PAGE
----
11. This is the bonus tip, eat at someone else’s house!! When I decided to do my budget week, I had 7 meals planned out and shopped for (online of course). I then realised that I had not factored in 2 family birthdays where we would be eating at someone else’s house, and then we also had a last minute family dinner at my mother in laws too so that knocked 3 meals off my plan for this week. That’s my bonus because those weeks will become meals for next week that I don’t have to buy. Obviously I’m not condoning you to turning up at peoples house uninvited for eating, but as a young family, accepting invitations from parents and parents-in-law for dinner is GREAT!.
Zucchini slice

Zucchini slice

So there are SOME of my tips for keeping your shopping budget tight. But I want to hear yours. Comment below your tried and tested budgeting tips…


Bye for now,


The Dietitian Mummy





Good ol’ Paleo Pete

So it seems that there has been somewhat of a “social media frenzy” and a bit of an “adult b*&ch fight” going on between the ol’ Paleo Pete and the DAA (Dietitian’s Association of Australia). Everyone seems to be getting in on it and having their two cents worth, so I thought I may as well get on the band wagon and blog about the “situation”.


Now I have always liked Pete Evens. He’s a good chef, he cares about health and he has the best facial expressions on MKR when he tastes something you know is shit. I like to pretend I know what he is saying from the look in his eyes when he is tasting the contestant’s food, something along the lines of “why the f#ck did you make me put that in my mouth”, or “if I could kill you with my eyes for that ridiculous excuse for a ‘meal’ I would”. I did however like him a bit better when he had more meat on his bones because over the last season I started to get a bit worried about him, as he visually got skinnier and skinner (George Calombaris, I’m worrying about you too buddy). I hoped it wasn’t something serious like cancer, but turns out it was just Paleo.


The Paleo diet has actually been on my radar as a dietitian for much longer than it’s been popular on facebook and the main concepts manifest themselves over and over in different forms of diets all the time. And I don’t have a vendetta against Paleo itself, just diets in general. But here’s the thing, there are a lot of concepts of the Pete Evans version of the Paleo diet that I 100% agree with, less processed foods (my ongoing quest), less sugar (although none is a bit boring don’t you think?), more vegetables (hurrah!), ethically sourced free range meat, fish and eggs (yes, yes, yes) and smaller portions of meat (I have been banging on about this for a while). And while I’m not hugely keen on taking out food groups like grains and dairy (me and dairy struggle big time but mostly because I don’t hanker for cold liquids), seriously if you make an effort to replace the nutrients that usually come from those food groups then who really cares right?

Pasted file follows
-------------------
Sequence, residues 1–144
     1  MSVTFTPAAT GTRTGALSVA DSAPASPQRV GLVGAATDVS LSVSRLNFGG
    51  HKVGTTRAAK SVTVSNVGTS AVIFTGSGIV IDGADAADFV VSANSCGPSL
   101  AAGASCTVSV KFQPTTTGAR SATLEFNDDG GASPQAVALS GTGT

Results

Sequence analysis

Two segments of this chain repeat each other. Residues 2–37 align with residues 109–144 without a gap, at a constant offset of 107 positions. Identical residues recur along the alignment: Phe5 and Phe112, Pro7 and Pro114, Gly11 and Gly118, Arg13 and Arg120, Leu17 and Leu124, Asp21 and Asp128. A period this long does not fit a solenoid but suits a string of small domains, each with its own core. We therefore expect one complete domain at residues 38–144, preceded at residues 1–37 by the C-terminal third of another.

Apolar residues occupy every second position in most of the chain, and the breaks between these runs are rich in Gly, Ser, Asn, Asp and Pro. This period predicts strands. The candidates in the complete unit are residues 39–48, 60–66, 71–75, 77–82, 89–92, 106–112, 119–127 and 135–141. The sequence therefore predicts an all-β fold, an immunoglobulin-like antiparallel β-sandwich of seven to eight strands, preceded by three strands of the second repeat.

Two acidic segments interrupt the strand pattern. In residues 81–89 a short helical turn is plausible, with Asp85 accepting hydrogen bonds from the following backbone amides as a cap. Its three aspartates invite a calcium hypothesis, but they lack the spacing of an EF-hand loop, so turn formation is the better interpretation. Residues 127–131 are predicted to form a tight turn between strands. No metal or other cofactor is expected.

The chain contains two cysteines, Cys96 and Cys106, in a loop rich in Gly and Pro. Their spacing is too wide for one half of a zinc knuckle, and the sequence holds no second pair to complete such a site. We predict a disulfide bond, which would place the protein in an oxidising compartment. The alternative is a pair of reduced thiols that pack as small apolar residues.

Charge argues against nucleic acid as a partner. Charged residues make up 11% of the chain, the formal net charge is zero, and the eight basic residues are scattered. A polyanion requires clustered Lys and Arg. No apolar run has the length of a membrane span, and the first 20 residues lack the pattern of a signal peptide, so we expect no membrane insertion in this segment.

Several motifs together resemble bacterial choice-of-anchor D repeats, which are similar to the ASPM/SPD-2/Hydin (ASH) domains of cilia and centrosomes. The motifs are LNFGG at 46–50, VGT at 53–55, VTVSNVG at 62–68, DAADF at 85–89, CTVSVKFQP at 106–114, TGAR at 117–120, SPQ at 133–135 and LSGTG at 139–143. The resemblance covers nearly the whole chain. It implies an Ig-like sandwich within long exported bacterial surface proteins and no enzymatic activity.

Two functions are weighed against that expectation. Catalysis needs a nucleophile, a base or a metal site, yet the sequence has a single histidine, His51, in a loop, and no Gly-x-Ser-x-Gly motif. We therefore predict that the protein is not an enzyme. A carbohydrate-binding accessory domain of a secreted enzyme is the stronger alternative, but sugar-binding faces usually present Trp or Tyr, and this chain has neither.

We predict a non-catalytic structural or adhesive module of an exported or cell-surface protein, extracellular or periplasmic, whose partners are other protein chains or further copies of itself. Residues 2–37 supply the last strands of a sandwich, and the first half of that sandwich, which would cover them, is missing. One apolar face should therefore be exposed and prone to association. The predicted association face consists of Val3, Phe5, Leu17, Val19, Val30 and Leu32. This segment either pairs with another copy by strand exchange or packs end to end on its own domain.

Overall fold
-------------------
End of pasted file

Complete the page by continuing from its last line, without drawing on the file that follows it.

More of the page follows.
If you really are motivated to follow a certain diet and are willing to make a good effort to reach the nutrient levels you need then there’s no need to slam anyone for wanting to do so. I was going to look into the nutrients you may lose and the foods you could replace them with but it’s here anyway so if you are following Paleo, then please do it right (don’t just eliminate foods, substitute instead and cover your nutrients). Just like I would suggest for vegetarians, clean eaters, atkins, zone, etc etc etc. At the end of the day, there is more than one way to skin a cat. There are a million different ways to eat to get the nutrients you need and no one way is better than another.


I do however have a bit of an internal snigger when anyone labels certain foods as “toxic” because well really toxic means poison and clearly people aren’t dropping on the spot after having these foods. And really, I have NOT done the research on most of the claims he is making (others have and have rebutted his claims) because basically my care factor is zero. It’s about level with my care factor for researching every other person talking about nutrition’s claims. I think everyone is missing the point. Food is there to be loved, not hated on. It’s there to be enjoyed, not restricted by a strict set of rules. It’s our culture, and part of all of our lives so let’s just keep it varied, and realistic.  Eat a bit of everything, fill most of your eating with foods that give you nutrients and don’t make you sick and Just. Enjoy. Yourself. And if you do feel like you want to do something about your eating, look at your behaviours, I can guarantee it’s going to give you more bang for your buck. If it was as easy as just following a diet, no-one would have weight issues!